August 28, 2014

Justice and Healing

Which images will history capture? Top and bottom left:  August 2014 in Ferguson, MO a peaceful, interracial and interracial candlelight vigil.  Photo by Stephanie Troutman; hashtag #HealSTL. Top and bottom right:  Members of the 1961 Washington Freedom Riders Committee en route from New York City; 1960 Greensboro Lunch Sit-in at the F.W. Woolworth luncheon counter.  source:  Library of Congress

This was the culture
from which I sprang
This was the terror
from which I fled.

—Richard Wright, Black Boy

On the eve of the 1963 March on Washington for Jobs and Freedom, scholar, poet and NAACP co-founder W.E.B. DuBois died while he was living in Accra, Ghana.  DuBois had a remarkably long auspicious life.  His seminal work The Souls of Black Folks lives on to inform diaspora mindsets. We live in a time where questions of double-consciousness and the veil continue to be as relevant as the problem of the color line.

New crossroads have emerged where a growing diversity meets increasing inequality over a deeply rooted historical landscape of injustice.   In bearing witness to an unfolding stream of injustice across America this is an undeniable time in our nation.  We are reminded that while much has been accomplished through the Civil Rights era there remains more work ahead for justice and healing in America.

In Ferguson, Michael Brown was laid earlier this week leaving his family, community and a nation to mourn with unanswered questions about our live. A work for justice continues with physical and emotional costs that require a new sustainable, collective strength and resilience enabling forces that can shed light in the darkest of places of our hearts and minds.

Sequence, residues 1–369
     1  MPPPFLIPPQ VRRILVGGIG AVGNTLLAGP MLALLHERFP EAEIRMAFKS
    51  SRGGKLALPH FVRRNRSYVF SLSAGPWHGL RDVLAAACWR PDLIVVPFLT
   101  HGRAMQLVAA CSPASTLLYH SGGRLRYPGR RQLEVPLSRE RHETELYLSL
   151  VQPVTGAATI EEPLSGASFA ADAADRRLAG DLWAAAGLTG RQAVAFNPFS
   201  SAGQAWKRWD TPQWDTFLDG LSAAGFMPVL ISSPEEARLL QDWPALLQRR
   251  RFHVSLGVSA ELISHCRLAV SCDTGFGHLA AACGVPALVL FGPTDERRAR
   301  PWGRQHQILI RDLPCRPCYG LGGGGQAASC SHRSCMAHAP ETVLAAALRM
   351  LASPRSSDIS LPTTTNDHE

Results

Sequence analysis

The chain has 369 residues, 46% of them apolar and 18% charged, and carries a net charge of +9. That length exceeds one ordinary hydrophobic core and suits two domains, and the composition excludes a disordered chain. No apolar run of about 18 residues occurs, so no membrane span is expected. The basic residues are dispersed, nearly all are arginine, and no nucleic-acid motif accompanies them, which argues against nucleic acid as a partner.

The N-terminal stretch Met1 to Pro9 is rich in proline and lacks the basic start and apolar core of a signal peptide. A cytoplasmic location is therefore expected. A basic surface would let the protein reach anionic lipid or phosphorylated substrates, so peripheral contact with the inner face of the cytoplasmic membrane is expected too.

Here are a few suggestions to remain healthier and strong for the days ahead: 
  •  Schedule personal time for physical, meditation and/or faith practices.  Healthier nutritional practices can make difference.  Drink water throughout the day.  Get enough sleep.

I have always believed that exercise is the key not only to physical health, but to peace of mind.
                                                       —Nelson Mandela, Long Walk to Freedom
  • Reflect. Take a look in your mirror. Reflection is an informative process that helps establish authenticity.
  • Read beyond the pages of social media. Use poetry, essays, stories and books to open your consciousness, critical thought are necessary for growth and development. 
  •  Take on creative experiences with art, music, dance and other forms work for good on the heart and mind.  
  •  Talk with family and friends about your views with respect, but let your voice be heard. Informed differences in opinions and ideas can improve understanding if we are open.  Ask questions. 
Whatever you do let light and truth be your guide for justice.   Share your insight.

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